Tuesday, March 30, 2010

Back to Grass

Weather made to order, that is all I have to say about this week. Yesterday, the sheep and cattle went back out on the pasture. Sheep are so much easier to move then cattle.  I put a scoop of corn in my bucket (long moves are the only time I feed corn to my sheep) and give it a shake then start moving. The ram is the one you have to careful of. He will tear that bucket out of your hands and go after you if you are not careful. Anyway, the sheep are pretty easy, they follow the bucket, but the cattle have to be pushed from behind (they don't know what corn is) so there is much less control. Couple that with the fact that if and when cattle do run, they run much further then sheep. It took a bit to get all the livestock from the corral and into the pen I set-up in the orchard. From here on out, I will take the portable paddock and just build the next days paddock adjacent to the current paddock, so no corn and much less drama. There is not much grass yet so the moves will be everyday until the pasture catches up.

On another note, my neighbor Cornie got the tractor started. We had to drag it up the the road and pull start it. The starter is likely bad and the wiring is questionable. I don't really have the money to dump into the tractor right now so we parked it on a hill (no shortage of those) and blocked it there so I could use gravity to start the tractor as I rolling rolling down the hill. Not a great solution, but it is an improvement too six months of siting in the way of everything.

South Fence Line 

Fiberglass Wood Composite Post

Sunday was very productive. I finished a section of fence along the south property line. That fence line is five strands of high tensile wire with wood corners and fiberglass and wood composite posts in between.

On Sunday, I also installed a yard/dinner bell I found on craigslist.  When Janice and I were first married we got a gift jokingly labeled marital communication devise, it was a meat tenderizer. I think the dinner bell is a much better tool for that task.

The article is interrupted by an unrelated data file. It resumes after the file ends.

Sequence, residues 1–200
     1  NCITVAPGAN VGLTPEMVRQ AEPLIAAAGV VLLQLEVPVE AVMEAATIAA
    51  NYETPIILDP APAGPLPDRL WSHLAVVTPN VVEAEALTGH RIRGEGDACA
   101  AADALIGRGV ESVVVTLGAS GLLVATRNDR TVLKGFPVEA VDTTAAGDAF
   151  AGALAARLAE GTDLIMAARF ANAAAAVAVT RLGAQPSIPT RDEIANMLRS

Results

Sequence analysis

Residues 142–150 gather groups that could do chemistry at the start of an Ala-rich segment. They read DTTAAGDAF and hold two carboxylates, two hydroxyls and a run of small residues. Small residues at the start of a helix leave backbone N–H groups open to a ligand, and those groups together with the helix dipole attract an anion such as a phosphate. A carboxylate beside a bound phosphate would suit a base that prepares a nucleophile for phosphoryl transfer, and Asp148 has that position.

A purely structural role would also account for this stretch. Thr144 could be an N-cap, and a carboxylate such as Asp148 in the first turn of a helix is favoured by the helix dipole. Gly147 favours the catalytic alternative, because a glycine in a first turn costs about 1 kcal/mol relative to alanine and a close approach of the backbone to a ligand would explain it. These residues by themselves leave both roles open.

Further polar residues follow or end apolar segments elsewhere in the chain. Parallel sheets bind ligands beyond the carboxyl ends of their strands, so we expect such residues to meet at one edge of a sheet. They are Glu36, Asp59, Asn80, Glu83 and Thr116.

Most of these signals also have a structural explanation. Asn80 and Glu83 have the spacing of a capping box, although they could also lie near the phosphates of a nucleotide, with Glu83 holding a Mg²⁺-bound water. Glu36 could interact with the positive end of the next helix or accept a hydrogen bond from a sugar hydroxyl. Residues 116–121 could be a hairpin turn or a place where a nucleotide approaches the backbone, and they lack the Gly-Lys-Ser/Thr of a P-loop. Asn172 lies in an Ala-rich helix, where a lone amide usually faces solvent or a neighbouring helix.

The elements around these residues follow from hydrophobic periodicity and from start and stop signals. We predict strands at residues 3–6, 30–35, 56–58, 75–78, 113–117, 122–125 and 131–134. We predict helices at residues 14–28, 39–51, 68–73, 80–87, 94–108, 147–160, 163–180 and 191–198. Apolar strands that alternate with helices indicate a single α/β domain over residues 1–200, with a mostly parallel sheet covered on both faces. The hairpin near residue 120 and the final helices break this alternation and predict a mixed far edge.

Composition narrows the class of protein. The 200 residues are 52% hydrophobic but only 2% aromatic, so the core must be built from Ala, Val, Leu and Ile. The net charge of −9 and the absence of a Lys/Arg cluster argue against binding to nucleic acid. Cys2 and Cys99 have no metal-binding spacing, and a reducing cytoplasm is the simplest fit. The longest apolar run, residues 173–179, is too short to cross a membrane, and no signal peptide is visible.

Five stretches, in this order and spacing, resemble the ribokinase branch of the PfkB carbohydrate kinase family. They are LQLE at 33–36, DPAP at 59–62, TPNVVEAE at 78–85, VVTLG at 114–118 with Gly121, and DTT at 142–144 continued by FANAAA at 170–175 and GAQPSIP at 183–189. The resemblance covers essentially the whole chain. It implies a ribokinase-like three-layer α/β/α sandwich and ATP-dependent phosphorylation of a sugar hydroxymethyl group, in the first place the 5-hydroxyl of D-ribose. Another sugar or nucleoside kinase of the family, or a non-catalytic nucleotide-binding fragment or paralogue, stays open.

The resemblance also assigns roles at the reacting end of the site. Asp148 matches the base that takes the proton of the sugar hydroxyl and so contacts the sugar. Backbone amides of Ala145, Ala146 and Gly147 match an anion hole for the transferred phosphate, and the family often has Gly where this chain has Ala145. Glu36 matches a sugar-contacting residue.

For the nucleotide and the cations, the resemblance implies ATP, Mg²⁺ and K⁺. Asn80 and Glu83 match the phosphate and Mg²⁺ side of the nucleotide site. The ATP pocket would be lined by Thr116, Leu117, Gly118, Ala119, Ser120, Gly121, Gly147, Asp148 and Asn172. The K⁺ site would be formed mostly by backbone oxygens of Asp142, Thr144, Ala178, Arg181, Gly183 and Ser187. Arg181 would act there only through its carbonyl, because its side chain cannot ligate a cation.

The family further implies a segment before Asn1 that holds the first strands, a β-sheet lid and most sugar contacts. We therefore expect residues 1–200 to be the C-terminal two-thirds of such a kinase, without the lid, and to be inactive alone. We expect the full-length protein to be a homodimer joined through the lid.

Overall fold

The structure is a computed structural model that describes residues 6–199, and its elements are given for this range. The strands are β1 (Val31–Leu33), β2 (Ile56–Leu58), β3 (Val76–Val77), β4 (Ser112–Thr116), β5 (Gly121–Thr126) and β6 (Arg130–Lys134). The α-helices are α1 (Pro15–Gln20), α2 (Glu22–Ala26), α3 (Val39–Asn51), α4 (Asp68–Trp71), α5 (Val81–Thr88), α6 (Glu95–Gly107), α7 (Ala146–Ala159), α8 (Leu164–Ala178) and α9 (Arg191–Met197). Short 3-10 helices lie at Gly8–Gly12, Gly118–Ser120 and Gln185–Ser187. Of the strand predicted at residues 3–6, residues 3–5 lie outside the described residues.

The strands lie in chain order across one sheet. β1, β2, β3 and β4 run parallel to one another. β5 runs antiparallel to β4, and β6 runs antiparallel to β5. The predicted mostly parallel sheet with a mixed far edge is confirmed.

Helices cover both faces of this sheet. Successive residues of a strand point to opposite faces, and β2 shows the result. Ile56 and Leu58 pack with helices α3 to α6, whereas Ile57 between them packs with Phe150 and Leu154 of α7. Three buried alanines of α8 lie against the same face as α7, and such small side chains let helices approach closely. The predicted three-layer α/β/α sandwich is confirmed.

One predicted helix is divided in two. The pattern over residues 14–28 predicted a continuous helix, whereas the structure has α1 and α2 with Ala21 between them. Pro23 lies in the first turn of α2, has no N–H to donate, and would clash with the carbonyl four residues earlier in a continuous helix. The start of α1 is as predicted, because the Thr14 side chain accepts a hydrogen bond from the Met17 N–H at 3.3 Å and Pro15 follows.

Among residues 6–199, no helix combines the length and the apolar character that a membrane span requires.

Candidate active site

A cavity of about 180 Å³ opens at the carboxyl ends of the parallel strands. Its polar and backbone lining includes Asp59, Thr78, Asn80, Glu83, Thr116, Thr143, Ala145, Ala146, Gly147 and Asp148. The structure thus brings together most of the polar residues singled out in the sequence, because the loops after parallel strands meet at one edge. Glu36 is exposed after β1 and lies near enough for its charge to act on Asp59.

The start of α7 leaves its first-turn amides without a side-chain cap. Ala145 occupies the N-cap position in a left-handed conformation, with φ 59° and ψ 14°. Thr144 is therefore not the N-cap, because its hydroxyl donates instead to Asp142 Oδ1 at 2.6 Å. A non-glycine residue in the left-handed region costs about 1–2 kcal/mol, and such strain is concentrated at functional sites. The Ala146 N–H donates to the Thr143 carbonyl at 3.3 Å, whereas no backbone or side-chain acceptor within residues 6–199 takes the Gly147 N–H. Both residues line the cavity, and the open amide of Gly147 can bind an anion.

Marital Communication Device

All of our chicks have been ordered. The first round of broilers arrives on April 15th, so the clock is ticking on getting the building ready for them. We still have to finalize our delivery dates, update the order form on our website, and finish the customer newsletter. We hope to have all of that done here by Monday and be ready for business.

Friday, March 26, 2010

Chipping on Other Tasks

My chainsaw blade just came back today from sharpening. Couple that with some cool, wet, and windy weather and I have been taking a break from cutting trees and putting up fence. I have a lot of projects that have been languishing. The skid loader mentioned in the last post did not materialize so those projects are on hold for a few weeks until our next chance to bring the skid loader home.

I have been working on our shop and retail space. On the retail side, I have begun painting and cleaning. The last vestiges of the previous owners have come off the wall. Spots in the drywall that are damaged are getting patched and a wall of plywood is getting painted. I have been repairing the lids on two coolers that will be able to hold 32 dozen eggs each and I hope tp have them in service soon.

Wall O Tools
On the shop side of the building, I have removed several truck accessory items and actually put them on the truck.  I have a lot of hand tools.  I started farming with some, I picked-up more at auctions, and I  I inherited many tools from Grandpa. All of the tools needed to be organized, with the hand tools pulled together in one spot so I can find them when I need them. I now have a wall of hand tools and fencing items.

Cleaning the building up is a big project and it includes constructing a new overhang to cover the doorway. It is going to take some time. I am going to move back to fence building next week with the warmer weather so the building is not likely to receive much attention.

The sheep are on the last of their hay. They will run out Sunday and will be back on pasture. I have some stockpiled forage on the north hill so the sheep will be there soon. My morning chores will get more complicated with having to move fences again, but it had to happen some time.